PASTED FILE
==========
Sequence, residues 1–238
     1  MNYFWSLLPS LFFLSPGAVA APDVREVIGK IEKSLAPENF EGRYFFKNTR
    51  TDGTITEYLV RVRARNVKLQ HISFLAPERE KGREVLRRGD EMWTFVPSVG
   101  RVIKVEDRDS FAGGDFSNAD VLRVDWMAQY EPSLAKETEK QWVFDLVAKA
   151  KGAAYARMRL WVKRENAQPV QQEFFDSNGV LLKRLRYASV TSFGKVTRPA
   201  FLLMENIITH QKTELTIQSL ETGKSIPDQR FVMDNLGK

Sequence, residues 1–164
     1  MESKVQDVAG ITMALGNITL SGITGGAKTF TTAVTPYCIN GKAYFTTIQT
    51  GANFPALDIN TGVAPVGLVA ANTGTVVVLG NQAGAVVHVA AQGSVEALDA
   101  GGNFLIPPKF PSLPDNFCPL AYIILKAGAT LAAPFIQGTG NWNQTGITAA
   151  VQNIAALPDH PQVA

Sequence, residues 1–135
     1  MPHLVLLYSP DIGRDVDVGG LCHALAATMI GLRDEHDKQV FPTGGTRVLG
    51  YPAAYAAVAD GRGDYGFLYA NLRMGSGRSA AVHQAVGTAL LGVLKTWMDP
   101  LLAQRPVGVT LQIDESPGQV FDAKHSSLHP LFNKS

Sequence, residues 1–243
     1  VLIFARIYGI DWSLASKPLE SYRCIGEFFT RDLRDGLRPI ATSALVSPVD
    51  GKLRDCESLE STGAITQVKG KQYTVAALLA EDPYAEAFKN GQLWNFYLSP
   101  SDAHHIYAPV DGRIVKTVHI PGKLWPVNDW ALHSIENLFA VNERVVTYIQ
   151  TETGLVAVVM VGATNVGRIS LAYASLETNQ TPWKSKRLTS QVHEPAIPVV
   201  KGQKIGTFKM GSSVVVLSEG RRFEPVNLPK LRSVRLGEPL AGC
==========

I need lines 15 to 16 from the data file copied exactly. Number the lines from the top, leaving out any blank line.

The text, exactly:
   101  LLAQRPVGVT LQIDESPGQV FDAKHSSLHP LFNKS

Sequence, residues 1–243